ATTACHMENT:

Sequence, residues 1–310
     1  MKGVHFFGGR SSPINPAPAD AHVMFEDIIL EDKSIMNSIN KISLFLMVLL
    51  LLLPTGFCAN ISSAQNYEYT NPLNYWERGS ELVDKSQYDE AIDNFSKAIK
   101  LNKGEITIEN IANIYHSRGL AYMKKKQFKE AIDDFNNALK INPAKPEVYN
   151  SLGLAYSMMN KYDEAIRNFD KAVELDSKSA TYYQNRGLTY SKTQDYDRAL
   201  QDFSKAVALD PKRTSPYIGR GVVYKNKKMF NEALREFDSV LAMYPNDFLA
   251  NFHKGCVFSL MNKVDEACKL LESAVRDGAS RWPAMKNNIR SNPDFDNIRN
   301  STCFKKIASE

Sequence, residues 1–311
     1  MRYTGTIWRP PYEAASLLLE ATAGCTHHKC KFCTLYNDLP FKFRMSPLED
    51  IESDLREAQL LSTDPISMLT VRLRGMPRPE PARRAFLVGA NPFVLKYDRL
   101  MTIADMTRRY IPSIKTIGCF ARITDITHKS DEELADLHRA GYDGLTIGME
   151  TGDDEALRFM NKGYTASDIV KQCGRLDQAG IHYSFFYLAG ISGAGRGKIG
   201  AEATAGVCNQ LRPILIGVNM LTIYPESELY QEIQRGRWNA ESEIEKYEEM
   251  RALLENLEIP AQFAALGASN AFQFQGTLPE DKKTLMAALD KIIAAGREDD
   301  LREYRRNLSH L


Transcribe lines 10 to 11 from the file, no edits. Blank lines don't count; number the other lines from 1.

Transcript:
     1  MRYTGTIWRP PYEAASLLLE ATAGCTHHKC KFCTLYNDLP FKFRMSPLED
    51  IESDLREAQL LSTDPISMLT VRLRGMPRPE PARRAFLVGA NPFVLKYDRL